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About Vietnam: Environment

Introduction General Facts Culture Environment History

Vietnam borders Cambodia, Laos and China and stretches over 1,600km along the eastern coast of the Indochinese Peninsula. The countrys two main cultivated areas are the Red River Delta (15,000 sq kin) in the north and the Mekong Delta (60,000 sq kin) in the south. Three-quarters of the country is mountainous and hilly; the highest peak is the 3,143m high Fansipan in north-west Vietnam.

Vietnam has five national parks: Cat Ba, Ba Be Lake and Cuc Phuong national parks in the north; Bach Ma National Park in the centre; arid Nam Cat Tien National Park in Lam Dong Province in the south, a short distance from Da Lat. In an attempt to prevent an ecological and hydrological catastrophe, the government has plans to set aside tens of thousands of sq km of forest and to create 87 national parks and nature reserves.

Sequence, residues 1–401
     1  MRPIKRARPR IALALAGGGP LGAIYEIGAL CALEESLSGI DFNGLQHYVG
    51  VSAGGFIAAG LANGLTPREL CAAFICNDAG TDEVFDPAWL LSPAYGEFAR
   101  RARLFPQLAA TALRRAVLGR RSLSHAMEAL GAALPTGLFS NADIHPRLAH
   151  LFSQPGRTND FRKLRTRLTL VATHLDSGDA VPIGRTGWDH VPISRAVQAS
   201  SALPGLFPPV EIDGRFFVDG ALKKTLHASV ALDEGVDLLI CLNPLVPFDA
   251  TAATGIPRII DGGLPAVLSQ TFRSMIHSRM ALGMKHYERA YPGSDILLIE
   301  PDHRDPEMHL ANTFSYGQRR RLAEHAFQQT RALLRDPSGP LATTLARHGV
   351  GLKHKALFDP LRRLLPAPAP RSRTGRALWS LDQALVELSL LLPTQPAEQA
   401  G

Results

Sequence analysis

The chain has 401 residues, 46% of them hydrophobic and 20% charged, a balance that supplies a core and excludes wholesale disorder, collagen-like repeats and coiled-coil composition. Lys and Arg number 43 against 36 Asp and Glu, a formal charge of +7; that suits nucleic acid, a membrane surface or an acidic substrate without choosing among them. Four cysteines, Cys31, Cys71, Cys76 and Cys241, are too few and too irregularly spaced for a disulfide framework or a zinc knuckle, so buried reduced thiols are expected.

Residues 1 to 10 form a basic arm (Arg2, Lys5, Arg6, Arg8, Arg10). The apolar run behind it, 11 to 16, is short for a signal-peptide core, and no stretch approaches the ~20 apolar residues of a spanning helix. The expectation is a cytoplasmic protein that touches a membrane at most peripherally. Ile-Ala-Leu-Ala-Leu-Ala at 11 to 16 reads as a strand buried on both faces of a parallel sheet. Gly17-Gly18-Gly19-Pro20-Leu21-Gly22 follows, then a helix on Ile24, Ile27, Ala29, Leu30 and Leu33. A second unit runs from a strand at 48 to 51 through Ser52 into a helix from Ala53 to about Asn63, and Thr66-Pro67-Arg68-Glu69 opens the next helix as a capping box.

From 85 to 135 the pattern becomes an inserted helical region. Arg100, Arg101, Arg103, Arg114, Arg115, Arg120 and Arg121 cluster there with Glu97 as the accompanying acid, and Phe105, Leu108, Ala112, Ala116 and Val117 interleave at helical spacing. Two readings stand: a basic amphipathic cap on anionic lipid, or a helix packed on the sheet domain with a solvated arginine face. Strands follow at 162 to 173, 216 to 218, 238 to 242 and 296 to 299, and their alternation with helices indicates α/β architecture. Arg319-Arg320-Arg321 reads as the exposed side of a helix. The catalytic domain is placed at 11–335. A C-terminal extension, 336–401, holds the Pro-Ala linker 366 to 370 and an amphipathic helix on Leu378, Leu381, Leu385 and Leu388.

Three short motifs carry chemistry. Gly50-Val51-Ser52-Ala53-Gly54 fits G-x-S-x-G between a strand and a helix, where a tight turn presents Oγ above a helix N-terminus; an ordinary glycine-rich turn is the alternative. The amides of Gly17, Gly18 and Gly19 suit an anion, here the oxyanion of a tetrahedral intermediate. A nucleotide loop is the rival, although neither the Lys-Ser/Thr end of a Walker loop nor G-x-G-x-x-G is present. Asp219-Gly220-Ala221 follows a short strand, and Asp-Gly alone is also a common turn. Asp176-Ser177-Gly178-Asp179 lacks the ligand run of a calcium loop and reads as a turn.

Vietnam is made up of equatorial lowlands, high temperate plateaus like those found in Dalat, alpine peaks, and miles of beautiful white sandy beaches. Although Vietnam’s wildlife is rich, it is in precipitous decline because of the destruction of habitats and illegal hunting. Less than 20% of the country remains forested, and what remains is under threat from slash and burn agriculture and excessive harvesting. Fauna includes elephants, rhinoceros, tigers, leopards, black bears, snub-nosed monkeys, crocodiles and turtles.

Although Vietnam lies in the inter-tropical zone, local conditions vary from frosty winter in the far northern hills to the year-round subequatorial warmth of the coastal beach areas. At sea level, the mean annual temperature is about 27° C in the south, falling to 22°C in the North.